Implementing and Improving the Integration of Decision Support into Outpatient Clinical Workflow - 2011

Principal Investigator
Contract Number
Project Period
September 2007 - March 2011
AHRQ Funding Amount

Summary: Computerized clinical decision support (CDS) and the use of electronic medical records (EMRs) can improve clinical decisionmaking, adherence with evidence-based guidelines, and quality of care. However, the implementation of CDS into clinical settings is not well understood, and poor integration can hinder its use and minimize its benefits. Common barriers to implementation include poor interface design, usability problems, and failure to accommodate the workflow of a clinical environment.

This project is a field study and controlled simulation analysis on integrating CDS for colorectal cancer screening into outpatient clinical workflow. The team used key informant interviews to identify sitespecific best practices; direct observation of colorectal cancer screening CDS to identify barriers and facilitators to workflow integration; rapid prototyping of design alternatives based on findings from the direct observations; and controlled simulation to test the impact of design on efficiency, usability, and workload. The three study participants - the Regenstrief Institute, the Department of Veterans Affairs (VA), and Partners Healthcare System - use different EMRs but according to a systematic review published in 2006, are all institutions that have improved quality and efficiency by using CDS.

During the first phase, the team conducted site visits to collect qualitative data on factors for effective integration of CDS into clinical workflow in different EMRs. The second phase used measurable attributes - including efficiency, usability, and workload - from the first phase to develop and test alternatives for improved clinical workflow integration in a simulated setting with experienced users.

Project Objectives:

  • Identify key approaches to CDS development for colorectal cancer screening at two VA Medical Center sites and two nationally recognized non-VA sites to obtain effective CDS integration into clinical workflow. (Achieved)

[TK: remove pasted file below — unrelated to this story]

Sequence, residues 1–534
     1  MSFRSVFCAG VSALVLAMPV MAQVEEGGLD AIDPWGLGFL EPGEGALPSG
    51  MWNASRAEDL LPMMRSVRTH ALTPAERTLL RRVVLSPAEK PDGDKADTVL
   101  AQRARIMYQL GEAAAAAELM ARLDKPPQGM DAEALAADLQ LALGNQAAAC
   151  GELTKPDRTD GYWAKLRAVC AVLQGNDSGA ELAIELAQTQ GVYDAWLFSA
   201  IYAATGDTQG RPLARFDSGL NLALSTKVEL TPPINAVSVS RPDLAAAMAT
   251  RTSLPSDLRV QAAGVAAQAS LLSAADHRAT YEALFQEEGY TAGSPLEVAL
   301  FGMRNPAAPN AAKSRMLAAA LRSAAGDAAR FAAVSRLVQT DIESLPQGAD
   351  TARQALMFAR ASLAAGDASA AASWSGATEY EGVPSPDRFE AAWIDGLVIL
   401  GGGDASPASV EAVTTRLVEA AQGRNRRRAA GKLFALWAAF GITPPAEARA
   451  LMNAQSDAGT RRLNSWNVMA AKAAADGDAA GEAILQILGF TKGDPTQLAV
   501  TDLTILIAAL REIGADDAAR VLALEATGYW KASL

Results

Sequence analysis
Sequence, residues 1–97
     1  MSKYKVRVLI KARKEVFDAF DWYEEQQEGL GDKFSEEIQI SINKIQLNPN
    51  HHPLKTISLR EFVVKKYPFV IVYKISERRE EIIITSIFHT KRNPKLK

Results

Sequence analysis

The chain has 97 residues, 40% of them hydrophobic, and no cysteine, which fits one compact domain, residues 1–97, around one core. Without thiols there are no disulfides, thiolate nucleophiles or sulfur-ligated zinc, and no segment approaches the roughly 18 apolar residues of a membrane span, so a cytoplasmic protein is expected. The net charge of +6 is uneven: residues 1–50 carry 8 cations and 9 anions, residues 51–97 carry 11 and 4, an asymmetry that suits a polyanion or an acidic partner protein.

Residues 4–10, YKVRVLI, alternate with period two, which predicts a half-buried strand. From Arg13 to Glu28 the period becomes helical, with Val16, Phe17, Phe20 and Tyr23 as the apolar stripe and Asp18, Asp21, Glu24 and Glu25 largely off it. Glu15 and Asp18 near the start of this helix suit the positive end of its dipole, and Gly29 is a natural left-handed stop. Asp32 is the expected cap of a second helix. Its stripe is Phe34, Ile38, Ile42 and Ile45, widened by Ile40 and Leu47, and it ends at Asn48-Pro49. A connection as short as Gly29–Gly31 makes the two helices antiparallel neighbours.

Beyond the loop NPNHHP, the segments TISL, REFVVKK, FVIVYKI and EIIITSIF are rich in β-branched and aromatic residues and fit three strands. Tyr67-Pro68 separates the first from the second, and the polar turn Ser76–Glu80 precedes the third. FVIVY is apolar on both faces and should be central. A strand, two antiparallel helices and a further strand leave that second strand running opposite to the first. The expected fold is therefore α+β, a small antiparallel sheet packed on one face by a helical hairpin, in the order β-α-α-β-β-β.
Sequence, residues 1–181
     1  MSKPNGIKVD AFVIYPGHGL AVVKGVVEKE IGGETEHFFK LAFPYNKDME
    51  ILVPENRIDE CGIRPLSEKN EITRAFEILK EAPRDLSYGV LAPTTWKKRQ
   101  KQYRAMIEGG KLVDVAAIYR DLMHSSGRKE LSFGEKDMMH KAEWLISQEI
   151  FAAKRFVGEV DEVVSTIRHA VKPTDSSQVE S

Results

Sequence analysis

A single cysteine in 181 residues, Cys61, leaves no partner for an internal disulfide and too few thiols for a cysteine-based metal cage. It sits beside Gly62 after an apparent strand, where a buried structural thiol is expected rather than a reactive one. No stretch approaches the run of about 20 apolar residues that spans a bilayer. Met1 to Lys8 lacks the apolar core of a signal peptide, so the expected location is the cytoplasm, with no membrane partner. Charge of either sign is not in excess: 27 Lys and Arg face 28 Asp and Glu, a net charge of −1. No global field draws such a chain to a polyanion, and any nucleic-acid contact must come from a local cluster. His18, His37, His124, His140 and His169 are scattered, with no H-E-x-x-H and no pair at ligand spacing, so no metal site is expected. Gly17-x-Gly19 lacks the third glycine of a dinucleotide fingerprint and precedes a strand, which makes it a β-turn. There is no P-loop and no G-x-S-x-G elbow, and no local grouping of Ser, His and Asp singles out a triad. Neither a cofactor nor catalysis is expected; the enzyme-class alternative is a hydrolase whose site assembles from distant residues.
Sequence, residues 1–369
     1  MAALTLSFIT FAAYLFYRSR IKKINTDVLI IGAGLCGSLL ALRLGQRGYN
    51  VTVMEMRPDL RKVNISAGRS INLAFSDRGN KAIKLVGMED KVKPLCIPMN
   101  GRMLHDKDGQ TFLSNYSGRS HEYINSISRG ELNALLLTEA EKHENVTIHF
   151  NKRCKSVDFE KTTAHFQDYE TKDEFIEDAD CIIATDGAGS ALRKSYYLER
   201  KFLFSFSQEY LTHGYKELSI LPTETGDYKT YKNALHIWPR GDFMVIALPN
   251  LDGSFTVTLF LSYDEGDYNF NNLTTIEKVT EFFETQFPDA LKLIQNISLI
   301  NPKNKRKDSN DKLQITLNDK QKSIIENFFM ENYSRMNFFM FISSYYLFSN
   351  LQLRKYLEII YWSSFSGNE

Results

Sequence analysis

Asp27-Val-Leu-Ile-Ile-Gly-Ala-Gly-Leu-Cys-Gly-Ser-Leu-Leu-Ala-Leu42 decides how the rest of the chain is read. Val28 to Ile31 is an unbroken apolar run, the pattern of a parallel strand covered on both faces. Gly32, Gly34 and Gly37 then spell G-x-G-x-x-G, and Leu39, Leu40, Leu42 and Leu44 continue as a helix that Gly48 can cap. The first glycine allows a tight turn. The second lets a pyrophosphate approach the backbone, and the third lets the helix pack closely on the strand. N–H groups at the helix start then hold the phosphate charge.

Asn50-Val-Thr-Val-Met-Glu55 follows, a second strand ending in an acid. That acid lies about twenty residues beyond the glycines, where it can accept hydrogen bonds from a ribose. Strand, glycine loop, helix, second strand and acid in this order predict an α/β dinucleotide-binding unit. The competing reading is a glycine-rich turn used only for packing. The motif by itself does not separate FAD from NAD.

• Develop and test CDS design alternatives for improved integration into clinical workflow through a controlled simulation study and subsequent implementation. (Achieved)

2011 Activities: The project team completed all work on this project by the end of 2010 and spent most of the first few months of 2011 disseminating the findings. Members of the research team presented a poster, Impact of a Redesign for Colorectal Cancer Screening Computerized Decision Support and a presentation, Investigating Integration of Computerized Decision Support into Workflow at Three Benchmark Institutions at the Veterans Affairs Health Services Research and Development Service 28th Annual National Meeting in February 2011. A manuscript, Redesign of a Computerized Clinical Reminder for Colorectal Cancer Screening: A Human-Computer Interaction Evaluation describing the results was published in the November 2011 volume ofBMC Medical Informatics and Decision Making. Findings from this study directly informed the design of a prototype cancer screening support tool funded by a contract from the Centers for Disease Control and Prevention.

Impact and Findings: EMR and CDS systems differed across the sites. Despite design differences, there were common generalizable barriers, including: 1) lack of coordination among "outside" exam results, primary care, and specialty care; 2) poor data organization and presentation; 3) omission of provider and patient education in the decision support tool; 4) lack of interface flexibility; 5) the need for technological enhancements; 6) unclear role assignments; 7) organizational issues; and 8) disconnect between decision support and quality reporting.

Design enhancements to the VA's existing colorectal cancer screening clinical reminder positively impacted aspects of usability and workflow integration, but not workload. The qualitative analysis revealed broad participant support for the design enhancements and specific suggestions for improving them further. This type of lab-based human-factors evaluation of CDS and other informatics tools is critical for testing design changes prior to implementation.

Overall, the team found that identifying effective strategies in the design, implementation, and integration of CDS into workflow is crucial for effective cognitive support. Despite the use of several different health systems, barriers were quite consistent. Effective design and integration of new technologies requires mindful iteration. There is a need for new CDS prototypes that: 1) improve data organization and presentation; 2) integrate outside results; and 3) provide just-in time education and cognitive support. Designing and testing prototypes using these features may help inform the next generation of cognitive support.

Target Population: Adults, Cancer

Strategic Goal: Develop and disseminate health IT evidence and evidence-based tools to improve health care decision making through the use of integrated data and knowledge management.

Business Goal: Implementation and Use